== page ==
Raising Kids with Sensory Processing Disorders: A Week-by-week Guide to Solving Everyday Sensory Issues

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Prufrock Press, Incorporated, 2013 - Family & Relationships - 168 pages

Proven, week-by-week strategies to improve the performance of children with special sensory needs

Whether it's having to remove tags from clothing or using special dimmed lighting when they study, kids with sensory disorders or special sensory needs often need adaptations in their everyday lives to find success in school and beyond. Taking a look at the most common sensory issues kids face, Raising Kids with Sensory Processing Disorders offers a compilation of unique, proven strategies parents can implement to help their children move beyond their sensory needs and increase their performance on tasks like homework, field trips, transitions between activities, bedtime, holidays, and interactions with friends. Written by a parent of two children with very different sensory needs, the book shows parents how to characterize their child's sensory issues into one of several profiles that they can use to find the best adaptations and changes to their everyday routines.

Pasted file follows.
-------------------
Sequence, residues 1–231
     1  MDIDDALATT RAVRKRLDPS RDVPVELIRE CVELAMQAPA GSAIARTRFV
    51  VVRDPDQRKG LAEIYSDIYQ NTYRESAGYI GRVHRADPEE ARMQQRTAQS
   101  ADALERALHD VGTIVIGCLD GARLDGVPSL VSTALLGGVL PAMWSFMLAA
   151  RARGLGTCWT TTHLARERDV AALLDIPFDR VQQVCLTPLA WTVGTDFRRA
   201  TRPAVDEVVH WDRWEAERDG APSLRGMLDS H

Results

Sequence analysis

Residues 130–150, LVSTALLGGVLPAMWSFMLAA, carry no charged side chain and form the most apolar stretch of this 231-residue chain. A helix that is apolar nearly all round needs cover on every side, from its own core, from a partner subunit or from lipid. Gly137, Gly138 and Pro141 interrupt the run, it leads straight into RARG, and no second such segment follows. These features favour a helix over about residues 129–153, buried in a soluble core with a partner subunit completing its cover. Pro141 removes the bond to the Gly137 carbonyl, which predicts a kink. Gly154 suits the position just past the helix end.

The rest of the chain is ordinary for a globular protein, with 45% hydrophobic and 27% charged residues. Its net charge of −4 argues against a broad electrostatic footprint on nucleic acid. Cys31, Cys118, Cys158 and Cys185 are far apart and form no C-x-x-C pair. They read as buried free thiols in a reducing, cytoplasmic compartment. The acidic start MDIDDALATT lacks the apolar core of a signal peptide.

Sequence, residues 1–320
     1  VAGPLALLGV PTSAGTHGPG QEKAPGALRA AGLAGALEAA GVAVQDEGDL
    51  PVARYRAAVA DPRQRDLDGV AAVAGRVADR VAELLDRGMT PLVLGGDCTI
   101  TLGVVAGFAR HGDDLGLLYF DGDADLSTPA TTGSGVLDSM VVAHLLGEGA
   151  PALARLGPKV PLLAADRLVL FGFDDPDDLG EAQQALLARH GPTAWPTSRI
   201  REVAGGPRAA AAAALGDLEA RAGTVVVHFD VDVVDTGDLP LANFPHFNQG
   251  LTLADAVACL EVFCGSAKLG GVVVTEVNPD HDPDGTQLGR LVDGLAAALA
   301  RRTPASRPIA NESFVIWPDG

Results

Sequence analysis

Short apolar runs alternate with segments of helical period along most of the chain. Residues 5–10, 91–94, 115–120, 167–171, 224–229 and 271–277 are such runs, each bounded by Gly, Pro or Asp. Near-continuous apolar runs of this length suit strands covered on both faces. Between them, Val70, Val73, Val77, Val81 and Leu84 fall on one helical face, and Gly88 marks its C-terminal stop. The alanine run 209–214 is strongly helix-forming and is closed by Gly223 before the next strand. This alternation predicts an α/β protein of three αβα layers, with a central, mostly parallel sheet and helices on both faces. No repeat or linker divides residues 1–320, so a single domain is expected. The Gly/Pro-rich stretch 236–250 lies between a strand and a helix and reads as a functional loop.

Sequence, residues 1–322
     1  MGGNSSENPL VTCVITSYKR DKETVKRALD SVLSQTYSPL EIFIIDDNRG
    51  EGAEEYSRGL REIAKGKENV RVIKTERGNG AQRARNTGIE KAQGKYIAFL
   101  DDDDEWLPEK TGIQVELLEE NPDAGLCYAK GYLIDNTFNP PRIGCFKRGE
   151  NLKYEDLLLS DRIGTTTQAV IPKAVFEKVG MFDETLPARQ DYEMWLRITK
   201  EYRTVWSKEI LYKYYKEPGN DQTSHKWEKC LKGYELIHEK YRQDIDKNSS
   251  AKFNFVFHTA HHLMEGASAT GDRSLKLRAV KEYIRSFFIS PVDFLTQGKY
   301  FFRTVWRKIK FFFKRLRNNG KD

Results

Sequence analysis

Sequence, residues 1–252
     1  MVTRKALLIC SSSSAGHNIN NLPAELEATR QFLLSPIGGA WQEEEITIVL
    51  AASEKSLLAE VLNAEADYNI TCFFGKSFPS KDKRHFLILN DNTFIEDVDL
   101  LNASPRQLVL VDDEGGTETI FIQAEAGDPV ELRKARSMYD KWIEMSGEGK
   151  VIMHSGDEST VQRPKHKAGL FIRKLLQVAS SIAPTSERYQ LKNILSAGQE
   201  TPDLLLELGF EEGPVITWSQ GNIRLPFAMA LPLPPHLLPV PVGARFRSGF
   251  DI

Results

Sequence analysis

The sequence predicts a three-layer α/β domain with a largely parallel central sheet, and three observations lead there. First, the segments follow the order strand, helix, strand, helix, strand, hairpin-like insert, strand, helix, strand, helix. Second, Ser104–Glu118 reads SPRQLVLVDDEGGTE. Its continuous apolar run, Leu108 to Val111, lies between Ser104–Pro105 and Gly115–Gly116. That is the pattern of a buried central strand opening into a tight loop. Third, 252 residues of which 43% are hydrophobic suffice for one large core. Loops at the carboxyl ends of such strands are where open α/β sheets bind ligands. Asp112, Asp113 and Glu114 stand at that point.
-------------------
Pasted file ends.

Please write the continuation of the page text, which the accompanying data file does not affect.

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About the author (2013)

Rondalyn Whitney, Ph.D., OTR/L, is an assistant professor and Interim Director of the Doctoral Program and research mentor at the University of the Sciences in Philadelphia. Dr. Whitney writes prolifically on the barriers to optimal quality of life for families when living with a disability, sensory processing, and social participation and is the author of the seminal book, Nonverbal Learning Disorder: Understanding and Coping With NLD and Asperger's-What Parents and Teachers Need to Know. Her new book, Writer's Toolkit, sold out in the first week after release. She is a dynamic and respected national and international presenter, speaking on ASD and related topics and is a content expert on sensory processing, narrative as a therapeutic modality, social skills programs, autism and related disorders, and using technology to reduce barriers of access to quality care and quality of life for families raising a child with a disability. Varleisha D. Gibbs, OTD, OTR/L, began her career after receiving her baccalaureate degree in psychology from the University of Delaware. She continued her studies in the field of occupational therapy, receiving her professional degrees from Columbia University and Thomas Jefferson University. At Columbia University, she received a master's of science degree. Her clinical doctorate in occupational therapy was received at Thomas Jefferson University. In addition, several years of her study occurred within the Ph.D. program of Health Sciences at Seton Hall University. As a full-time faculty member at the University of the Sciences in Philadelphia, Dr. Gibbs is an expert in the field of pediatric therapeutic intervention

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